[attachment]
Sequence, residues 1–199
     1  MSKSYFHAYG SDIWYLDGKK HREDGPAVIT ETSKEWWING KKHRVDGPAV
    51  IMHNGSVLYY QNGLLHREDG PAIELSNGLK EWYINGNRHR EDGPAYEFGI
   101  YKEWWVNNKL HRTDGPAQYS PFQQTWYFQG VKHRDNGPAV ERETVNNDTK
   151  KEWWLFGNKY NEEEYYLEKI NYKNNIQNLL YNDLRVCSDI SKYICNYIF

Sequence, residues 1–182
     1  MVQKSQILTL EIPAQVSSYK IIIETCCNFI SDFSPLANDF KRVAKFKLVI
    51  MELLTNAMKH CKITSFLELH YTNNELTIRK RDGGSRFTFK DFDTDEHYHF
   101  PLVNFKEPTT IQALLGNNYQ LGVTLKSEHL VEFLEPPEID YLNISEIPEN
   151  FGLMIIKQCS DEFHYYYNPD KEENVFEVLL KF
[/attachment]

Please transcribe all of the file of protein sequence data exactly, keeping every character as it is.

Sequence, residues 1–199
     1  MSKSYFHAYG SDIWYLDGKK HREDGPAVIT ETSKEWWING KKHRVDGPAV
    51  IMHNGSVLYY QNGLLHREDG PAIELSNGLK EWYINGNRHR EDGPAYEFGI
   101  YKEWWVNNKL HRTDGPAQYS PFQQTWYFQG VKHRDNGPAV ERETVNNDTK
   151  KEWWLFGNKY NEEEYYLEKI NYKNNIQNLL YNDLRVCSDI SKYICNYIF

Sequence, residues 1–182
     1  MVQKSQILTL EIPAQVSSYK IIIETCCNFI SDFSPLANDF KRVAKFKLVI
    51  MELLTNAMKH CKITSFLELH YTNNELTIRK RDGGSRFTFK DFDTDEHYHF
   101  PLVNFKEPTT IQALLGNNYQ LGVTLKSEHL VEFLEPPEID YLNISEIPEN
   151  FGLMIIKQCS DEFHYYYNPD KEENVFEVLL KF